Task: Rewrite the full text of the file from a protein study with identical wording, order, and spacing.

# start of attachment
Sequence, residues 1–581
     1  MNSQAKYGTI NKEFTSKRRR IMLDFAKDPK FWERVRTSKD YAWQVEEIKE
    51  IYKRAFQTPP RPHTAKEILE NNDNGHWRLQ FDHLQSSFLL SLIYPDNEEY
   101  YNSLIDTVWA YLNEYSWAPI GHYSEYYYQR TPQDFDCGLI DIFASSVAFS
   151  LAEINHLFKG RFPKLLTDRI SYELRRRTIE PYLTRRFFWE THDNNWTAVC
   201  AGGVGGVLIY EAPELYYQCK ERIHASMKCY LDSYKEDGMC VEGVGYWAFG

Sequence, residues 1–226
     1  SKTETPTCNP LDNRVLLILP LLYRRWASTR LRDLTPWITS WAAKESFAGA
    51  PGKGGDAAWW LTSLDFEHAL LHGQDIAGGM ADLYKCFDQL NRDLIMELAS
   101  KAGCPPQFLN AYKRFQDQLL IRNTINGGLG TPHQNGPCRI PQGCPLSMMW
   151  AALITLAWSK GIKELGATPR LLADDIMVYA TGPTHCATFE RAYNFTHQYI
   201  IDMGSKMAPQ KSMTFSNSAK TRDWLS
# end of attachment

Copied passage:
Sequence, residues 1–581
     1  MNSQAKYGTI NKEFTSKRRR IMLDFAKDPK FWERVRTSKD YAWQVEEIKE
    51  IYKRAFQTPP RPHTAKEILE NNDNGHWRLQ FDHLQSSFLL SLIYPDNEEY
   101  YNSLIDTVWA YLNEYSWAPI GHYSEYYYQR TPQDFDCGLI DIFASSVAFS
   151  LAEINHLFKG RFPKLLTDRI SYELRRRTIE PYLTRRFFWE THDNNWTAVC
   201  AGGVGGVLIY EAPELYYQCK ERIHASMKCY LDSYKEDGMC VEGVGYWAFG

Sequence, residues 1–226
     1  SKTETPTCNP LDNRVLLILP LLYRRWASTR LRDLTPWITS WAAKESFAGA
    51  PGKGGDAAWW LTSLDFEHAL LHGQDIAGGM ADLYKCFDQL NRDLIMELAS
   101  KAGCPPQFLN AYKRFQDQLL IRNTINGGLG TPHQNGPCRI PQGCPLSMMW
   151  AALITLAWSK GIKELGATPR LLADDIMVYA TGPTHCATFE RAYNFTHQYI
   201  IDMGSKMAPQ KSMTFSNSAK TRDWLS